It happened shortly after 8 on a summer Sunday morning. I was driving on a rural section of Interstate 75 in Northern Michigan on my way to Mackinac Island to officiate at a wedding. I had left home at 5 a.m. for the four-and-a-half-hour trip, allowing extra time so that I wouldn’t feel so rushed to make my 12:30 p.m. ferry reservation. The extra time was especially important as this was my first lengthy drive since recovering from a rather significant surgery six weeks before.
The drive started out perfectly. I was singing along with the radio, thinking about the d’var Torah I had written for the wedding when I suddenly heard a noise. It concerned me but I put it out of my mind quickly. Then, a few minutes later, the car started bumping fiercely so I pulled over to look. It wasn’t a flat tire. It was a blowout.
So, there I was. In the best of circumstances, I’m not a good tire changer. But, with strict orders from my surgeon not to lift anything heavy, there was no way in the world I could do it.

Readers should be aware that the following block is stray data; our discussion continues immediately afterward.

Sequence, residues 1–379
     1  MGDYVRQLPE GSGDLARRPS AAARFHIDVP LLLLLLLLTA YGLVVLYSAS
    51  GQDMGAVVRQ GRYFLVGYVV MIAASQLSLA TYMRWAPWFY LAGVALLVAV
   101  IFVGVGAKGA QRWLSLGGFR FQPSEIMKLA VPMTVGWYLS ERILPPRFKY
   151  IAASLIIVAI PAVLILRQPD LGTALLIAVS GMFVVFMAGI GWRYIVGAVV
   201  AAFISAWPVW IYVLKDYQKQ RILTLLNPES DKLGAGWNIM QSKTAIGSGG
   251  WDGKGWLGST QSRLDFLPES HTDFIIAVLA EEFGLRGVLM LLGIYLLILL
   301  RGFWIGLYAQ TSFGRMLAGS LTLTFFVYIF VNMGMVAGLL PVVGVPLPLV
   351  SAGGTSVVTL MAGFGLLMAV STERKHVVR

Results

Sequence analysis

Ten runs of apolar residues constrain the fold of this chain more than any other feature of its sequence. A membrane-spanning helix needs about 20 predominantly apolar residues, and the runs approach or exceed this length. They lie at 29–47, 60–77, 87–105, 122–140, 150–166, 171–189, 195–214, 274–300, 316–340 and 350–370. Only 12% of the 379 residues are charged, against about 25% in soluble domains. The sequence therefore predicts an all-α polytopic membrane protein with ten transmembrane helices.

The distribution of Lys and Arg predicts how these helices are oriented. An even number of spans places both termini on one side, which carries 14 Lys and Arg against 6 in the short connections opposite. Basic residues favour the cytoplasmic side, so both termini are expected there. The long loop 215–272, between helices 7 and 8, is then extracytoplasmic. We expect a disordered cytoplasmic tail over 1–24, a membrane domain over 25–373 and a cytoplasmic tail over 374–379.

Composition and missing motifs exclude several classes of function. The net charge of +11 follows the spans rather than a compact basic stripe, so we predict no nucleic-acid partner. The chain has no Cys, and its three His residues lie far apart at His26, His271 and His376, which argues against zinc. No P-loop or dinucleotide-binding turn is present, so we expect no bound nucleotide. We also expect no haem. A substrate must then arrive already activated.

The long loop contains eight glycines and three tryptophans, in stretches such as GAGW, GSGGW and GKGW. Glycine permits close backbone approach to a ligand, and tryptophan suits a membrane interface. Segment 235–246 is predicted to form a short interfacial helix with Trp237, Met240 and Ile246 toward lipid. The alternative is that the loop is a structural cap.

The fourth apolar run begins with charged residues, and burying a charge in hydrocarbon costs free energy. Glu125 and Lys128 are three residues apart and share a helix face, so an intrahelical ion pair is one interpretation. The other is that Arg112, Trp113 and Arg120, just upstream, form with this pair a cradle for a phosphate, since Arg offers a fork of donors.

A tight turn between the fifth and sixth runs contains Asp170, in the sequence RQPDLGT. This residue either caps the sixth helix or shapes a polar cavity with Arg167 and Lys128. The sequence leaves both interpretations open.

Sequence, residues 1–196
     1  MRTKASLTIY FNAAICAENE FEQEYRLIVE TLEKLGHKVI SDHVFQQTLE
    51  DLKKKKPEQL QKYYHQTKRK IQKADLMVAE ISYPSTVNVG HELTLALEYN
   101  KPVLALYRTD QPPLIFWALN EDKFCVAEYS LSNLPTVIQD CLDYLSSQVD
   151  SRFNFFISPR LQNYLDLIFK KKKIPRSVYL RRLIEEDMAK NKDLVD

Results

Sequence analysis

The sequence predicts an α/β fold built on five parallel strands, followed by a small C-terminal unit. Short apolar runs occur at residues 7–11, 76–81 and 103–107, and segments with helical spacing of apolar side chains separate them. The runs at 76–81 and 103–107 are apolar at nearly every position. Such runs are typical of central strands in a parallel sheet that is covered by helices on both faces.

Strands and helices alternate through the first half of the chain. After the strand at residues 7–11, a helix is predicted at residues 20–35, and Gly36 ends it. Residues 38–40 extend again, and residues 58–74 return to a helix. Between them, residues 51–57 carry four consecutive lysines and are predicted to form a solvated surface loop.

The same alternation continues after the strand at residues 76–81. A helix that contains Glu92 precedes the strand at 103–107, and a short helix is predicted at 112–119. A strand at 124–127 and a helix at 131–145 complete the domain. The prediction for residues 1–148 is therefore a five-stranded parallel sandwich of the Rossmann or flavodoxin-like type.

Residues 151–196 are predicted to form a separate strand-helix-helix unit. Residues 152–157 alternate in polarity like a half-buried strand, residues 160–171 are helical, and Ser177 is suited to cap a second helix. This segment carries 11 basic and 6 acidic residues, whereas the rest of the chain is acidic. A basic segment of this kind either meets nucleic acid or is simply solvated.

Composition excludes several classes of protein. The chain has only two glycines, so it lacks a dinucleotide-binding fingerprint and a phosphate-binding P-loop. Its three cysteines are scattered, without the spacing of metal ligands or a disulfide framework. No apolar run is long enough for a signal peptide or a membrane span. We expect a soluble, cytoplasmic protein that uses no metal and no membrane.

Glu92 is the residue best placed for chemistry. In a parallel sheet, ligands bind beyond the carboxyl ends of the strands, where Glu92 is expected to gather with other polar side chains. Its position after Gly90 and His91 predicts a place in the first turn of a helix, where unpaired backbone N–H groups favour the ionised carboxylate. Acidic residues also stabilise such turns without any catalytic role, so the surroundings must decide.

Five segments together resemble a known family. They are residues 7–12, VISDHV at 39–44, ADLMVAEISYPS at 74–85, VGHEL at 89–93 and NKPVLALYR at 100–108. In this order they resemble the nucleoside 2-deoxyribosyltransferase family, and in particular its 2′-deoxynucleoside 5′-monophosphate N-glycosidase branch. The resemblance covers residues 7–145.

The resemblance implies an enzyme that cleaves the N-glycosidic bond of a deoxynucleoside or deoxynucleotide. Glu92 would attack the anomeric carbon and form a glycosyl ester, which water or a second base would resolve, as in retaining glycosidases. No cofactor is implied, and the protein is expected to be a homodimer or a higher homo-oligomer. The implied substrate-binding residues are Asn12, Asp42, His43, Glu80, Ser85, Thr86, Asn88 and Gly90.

I reached for my cell phone. “No service”.
Worst-case scenarios came easily into my mind: missing the ferry, leaving the couple standing alone at the chuppah with no way to let people know why the rabbi didn’t show.
I have never felt so helpless as I stood on the side of the desolate road almost in tears.
A moment later, I looked up, and out of the morning fog, I saw that a car had pulled over. It was odd that I hadn’t heard the car coming.
The driver, a man who appeared to be in his 60s, got out and asked if he could help. I explained my situation and he said: “Okay.” He took out my spare and silently changed the tire in five minutes.
I offered to pay him. He refused.
I asked him for his name and address so I could thank him properly. He would not tell me his name, simply saying: “I’m glad I could help.”
He drove off into the fog as quickly as he had arrived.
I made it to the wedding with time to spare.
I have thought about him often.
Or perhaps an intercession from those who look down on us.
Quite frankly, that is the explanation I prefer.
Rabbi Rob Dobrusin is Rabbi Emeritus of Beth Israel Congregation, Ann Arbor, Michigan where he served as rabbi for 30 years. He was ordained at the Jewish Theological Seminary of America in 1982. An animal lover, he volunteers at the Toledo Zoo and at the local Humane Society. He continues to teach, writes a blog on his website at robdobrusin.com and has a podcast: wrestlinganddreaming.podbean.com. Rabbi Dobrusin and his wife Ellen live in Ann Arbor and are the parents of two adult children.